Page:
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How did he know that you were mailing a firearm? They usually don't ask what is in the box.
 

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Woody_the_Infidel said:
How did he know that you were mailing a firearm? They usually don't ask what is in the box.
That's what I was thinking. When I send stuff, they usually ask me if it's any hazardous type material or fragile or something like that. "What caliber?" is never among the questions.
 

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Discussion Starter #13
Well, it was a hard rifle case, and I insured it for 1500 bucks. I went there hoping they would have a box it could go in, but they did not. They usually only ask if its liquid, or hazardous, etc, but this time she threw "rifle" in the mix. She asks this after she had put everything in the comp, and given me a total, and made me wrap it myself in post office tape. She also saw it was going to a gun shop, it was kind of obvious what it was.

I wound up going home and finding my own box, then saving 13 dollars shipping it UPS.
 

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Man, wish I could be there when he has to admit it. :lol:
 

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Well, as a Postmaster, I can tell you he was wrong. We do not deal with this very often, though, so many do not know the regs. Unfortunately, we have zillions of regs, and there is no way we can possibly know each one of them. Here is a link to the Domestic Mail Manual. Refer him specifically to section 11.3. Print it out an take it to him. Hope this helps!!

http://pe.usps.gov/text/dmm300/601.htm#wp1098069

BTW, although it is more expensive, I highly recommend sending it Registered Mail. Where in Georgia are you?
 

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learned something new

I did not know that long guns were mail-able through the United States Postal Service. I thought they could only be sent through private package delivery services. I didn't realize there was a distinction between long guns and handguns this way. I've never sent a firearm through USPS. Some twenty years ago I called them and asked about shipping an AIR RIFLE back to Crosman for warranty work, and they said NO, it would have to go by private carrier. I just took their word for it and have all my package delivery business to UPS for the next 20 years.
 

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Re: learned something new

gunsmoker said:
I did not know that long guns were mail-able through the United States Postal Service. I thought they could only be sent through private package delivery services. I didn't realize there was a distinction between long guns and handguns this way. I've never sent a firearm through USPS. Some twenty years ago I called them and asked about shipping an AIR RIFLE back to Crosman for warranty work, and they said NO, it would have to go by private carrier. I just took their word for it and have all my package delivery business to UPS for the next 20 years.
Well, now that you know, come back and give us your revenue and support your local Gubmn't gun nuts!! :D
 

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So... hypothetically, if an individual were to be traveling in, say, oh, I dunno, Maryland, and mails himself a shotgun (broken down, wrapped in a towel and stuffed into one of those long triangular plan roll boxes) acquired while in MD back to himself in say, oh, I dunno, Alabama ...that wouldn't be legal?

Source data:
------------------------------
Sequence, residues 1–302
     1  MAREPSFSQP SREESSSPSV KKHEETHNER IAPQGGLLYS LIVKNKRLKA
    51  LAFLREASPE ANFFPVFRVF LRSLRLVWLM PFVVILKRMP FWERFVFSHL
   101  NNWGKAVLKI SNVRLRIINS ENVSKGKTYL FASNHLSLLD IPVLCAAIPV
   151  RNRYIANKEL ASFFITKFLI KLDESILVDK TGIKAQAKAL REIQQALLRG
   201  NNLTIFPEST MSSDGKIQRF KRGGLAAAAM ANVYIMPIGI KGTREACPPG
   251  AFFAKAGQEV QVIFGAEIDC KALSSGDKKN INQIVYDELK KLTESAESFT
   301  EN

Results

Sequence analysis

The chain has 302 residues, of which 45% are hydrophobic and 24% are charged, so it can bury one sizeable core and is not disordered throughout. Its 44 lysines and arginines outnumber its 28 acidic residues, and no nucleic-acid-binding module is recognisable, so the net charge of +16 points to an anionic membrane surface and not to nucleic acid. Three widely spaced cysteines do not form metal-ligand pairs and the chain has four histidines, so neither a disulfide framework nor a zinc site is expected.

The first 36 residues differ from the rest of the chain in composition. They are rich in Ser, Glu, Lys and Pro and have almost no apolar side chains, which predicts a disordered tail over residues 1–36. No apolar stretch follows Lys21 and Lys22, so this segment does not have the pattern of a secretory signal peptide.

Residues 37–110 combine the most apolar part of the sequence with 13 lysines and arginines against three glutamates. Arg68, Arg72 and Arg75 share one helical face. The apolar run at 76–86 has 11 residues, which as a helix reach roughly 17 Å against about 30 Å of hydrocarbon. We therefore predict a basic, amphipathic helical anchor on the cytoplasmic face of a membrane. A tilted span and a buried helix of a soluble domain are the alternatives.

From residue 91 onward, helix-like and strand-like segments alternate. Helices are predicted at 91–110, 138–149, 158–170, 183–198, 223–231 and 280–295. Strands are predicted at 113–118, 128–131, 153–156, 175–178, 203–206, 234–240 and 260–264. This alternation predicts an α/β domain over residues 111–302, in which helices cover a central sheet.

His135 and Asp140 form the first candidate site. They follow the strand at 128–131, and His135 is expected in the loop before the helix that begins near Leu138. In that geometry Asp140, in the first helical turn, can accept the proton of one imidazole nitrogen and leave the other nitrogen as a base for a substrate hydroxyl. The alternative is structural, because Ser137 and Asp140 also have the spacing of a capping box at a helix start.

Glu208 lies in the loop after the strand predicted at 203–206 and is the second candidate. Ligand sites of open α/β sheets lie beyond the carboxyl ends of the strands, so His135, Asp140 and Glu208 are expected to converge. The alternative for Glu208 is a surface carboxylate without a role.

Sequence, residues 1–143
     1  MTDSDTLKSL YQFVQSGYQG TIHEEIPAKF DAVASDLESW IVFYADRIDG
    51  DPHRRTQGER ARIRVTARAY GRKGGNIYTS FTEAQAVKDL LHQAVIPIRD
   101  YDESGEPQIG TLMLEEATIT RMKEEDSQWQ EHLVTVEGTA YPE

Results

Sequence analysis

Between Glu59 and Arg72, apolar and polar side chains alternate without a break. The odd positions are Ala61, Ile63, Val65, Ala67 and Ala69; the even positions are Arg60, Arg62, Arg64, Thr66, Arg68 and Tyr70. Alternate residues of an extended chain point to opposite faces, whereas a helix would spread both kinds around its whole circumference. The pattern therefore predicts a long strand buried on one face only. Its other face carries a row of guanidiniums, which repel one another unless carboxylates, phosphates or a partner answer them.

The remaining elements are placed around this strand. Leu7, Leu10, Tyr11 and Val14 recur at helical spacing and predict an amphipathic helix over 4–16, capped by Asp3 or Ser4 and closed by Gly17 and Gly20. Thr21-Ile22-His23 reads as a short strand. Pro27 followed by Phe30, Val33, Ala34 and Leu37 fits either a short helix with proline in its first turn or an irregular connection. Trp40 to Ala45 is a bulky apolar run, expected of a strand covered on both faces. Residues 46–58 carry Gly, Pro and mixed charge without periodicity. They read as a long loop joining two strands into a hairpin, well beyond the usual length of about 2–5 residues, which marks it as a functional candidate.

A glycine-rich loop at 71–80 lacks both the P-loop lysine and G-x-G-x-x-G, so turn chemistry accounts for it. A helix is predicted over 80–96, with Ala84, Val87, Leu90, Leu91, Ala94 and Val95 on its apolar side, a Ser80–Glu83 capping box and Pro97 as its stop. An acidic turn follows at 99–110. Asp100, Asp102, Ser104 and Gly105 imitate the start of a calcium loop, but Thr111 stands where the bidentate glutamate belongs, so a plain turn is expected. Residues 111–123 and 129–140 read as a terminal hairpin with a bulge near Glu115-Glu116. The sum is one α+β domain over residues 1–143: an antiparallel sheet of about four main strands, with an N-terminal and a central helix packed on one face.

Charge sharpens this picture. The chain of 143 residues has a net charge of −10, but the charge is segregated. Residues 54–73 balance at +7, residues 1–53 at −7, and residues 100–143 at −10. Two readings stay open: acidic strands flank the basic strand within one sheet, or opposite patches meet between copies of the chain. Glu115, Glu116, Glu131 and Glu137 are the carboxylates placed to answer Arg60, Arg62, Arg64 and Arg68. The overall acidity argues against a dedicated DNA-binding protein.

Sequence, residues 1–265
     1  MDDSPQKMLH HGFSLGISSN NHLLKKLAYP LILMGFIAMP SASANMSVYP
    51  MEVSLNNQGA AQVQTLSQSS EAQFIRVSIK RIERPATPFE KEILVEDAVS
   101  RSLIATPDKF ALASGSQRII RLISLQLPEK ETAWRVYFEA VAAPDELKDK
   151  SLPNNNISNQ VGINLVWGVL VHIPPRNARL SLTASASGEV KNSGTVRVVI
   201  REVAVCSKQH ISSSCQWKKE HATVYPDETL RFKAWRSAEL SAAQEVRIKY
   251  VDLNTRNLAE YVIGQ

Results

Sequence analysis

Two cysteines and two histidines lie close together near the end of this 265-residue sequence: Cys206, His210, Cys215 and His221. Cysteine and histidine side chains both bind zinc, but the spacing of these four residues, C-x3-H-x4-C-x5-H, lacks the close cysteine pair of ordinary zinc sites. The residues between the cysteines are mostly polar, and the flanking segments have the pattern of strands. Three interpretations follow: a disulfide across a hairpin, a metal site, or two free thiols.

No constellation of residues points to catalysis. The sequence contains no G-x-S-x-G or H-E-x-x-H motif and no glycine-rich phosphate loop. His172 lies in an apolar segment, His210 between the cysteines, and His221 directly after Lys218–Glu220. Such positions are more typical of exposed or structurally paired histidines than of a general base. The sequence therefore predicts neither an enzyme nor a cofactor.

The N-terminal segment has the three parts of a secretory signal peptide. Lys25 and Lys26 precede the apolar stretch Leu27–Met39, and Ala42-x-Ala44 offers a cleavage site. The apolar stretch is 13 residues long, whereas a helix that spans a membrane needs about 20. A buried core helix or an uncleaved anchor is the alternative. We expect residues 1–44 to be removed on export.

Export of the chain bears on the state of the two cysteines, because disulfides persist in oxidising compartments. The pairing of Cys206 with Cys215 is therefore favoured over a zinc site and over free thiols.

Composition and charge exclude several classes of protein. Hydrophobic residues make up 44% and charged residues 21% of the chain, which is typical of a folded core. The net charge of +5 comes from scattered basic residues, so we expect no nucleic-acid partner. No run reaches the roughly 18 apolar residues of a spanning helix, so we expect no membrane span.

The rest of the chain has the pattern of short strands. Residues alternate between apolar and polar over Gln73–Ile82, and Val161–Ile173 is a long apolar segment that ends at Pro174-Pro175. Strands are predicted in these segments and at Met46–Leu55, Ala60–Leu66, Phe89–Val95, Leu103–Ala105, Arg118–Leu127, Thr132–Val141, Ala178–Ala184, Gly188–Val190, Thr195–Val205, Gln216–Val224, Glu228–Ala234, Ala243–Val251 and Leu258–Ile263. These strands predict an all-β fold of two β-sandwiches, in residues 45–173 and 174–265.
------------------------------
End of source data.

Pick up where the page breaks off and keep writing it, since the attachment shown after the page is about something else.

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That would be more of an ATF question, than a USPS question. The ATF has a provision for shipping yourself a weapon, if it is legal to possess in both the originating & destination states.

Edit to add:

Some excerpts from from the source: http://www.atf.gov/firearms/faq/faq2.htm

(B7) May a nonlicensee ship a firearm through the U.S. Postal Service?[Back]

A nonlicensee may not transfer a firearm to a non-licensed resident of another State. A nonlicensee may mail a shotgun or rifle to a resident of his or her own State or to a licensee in any State. The Postal Service recommends that long guns be sent by registered mail and that no marking of any kind which would indicate the nature of the contents be placed on the outside of any parcel containing firearms. Handguns are not mailable. A common or contract carrier must be used to ship a handgun.

[18 U.S.C. 1715, 922(a)(3), 922(a)(5) and 922 (a)(2)(A)]

(B8) May a nonlicensee ship a firearm by common or contract carrier? [Back]

A nonlicensee may ship a firearm by a common or contract carrier to a resident of his or her own State or to a licensee in any State. A common or contract carrier must be used to ship a handgun. In addition, Federal law requires that the carrier be notified that the shipment contains a firearm and prohibits common or contract carriers from requiring or causing any label to be placed on any package indicating that it contains a firearm.

[18 U.S.C. 922(a)(2)(A), 922(a) (3), 922(a)(5) and 922(e), 27 CFR 478.31 and 478.30]

(B9) May a nonlicensee ship firearms interstate for his or her use in hunting or other lawful activity? [Back]

Yes. A person may ship a firearm to himself or herself in care of another person in the State where he or she intends to hunt or engage in any other lawful activity. The package should be addressed to the owner. Persons other than the owner should not open the package and take possession of the firearm.


(B10) May a person who is relocating out of State move firearms with other household goods? [Back]

Yes. A person who lawfully possesses a firearm may transport or ship the firearm interstate when changing his or her State of residence.

Certain NFA firearms must have prior approval from the Bureau of ATF before they may be moved interstate. The person must notify the mover that firearms are being transported. He or she should also check State and local laws where relocating to ensure that movement of firearms into the new State does not violate any State law or local ordinance.

[18 U.S.C. 922(a)(4) and 922(e), 27 CFR 478.28 and 478.31]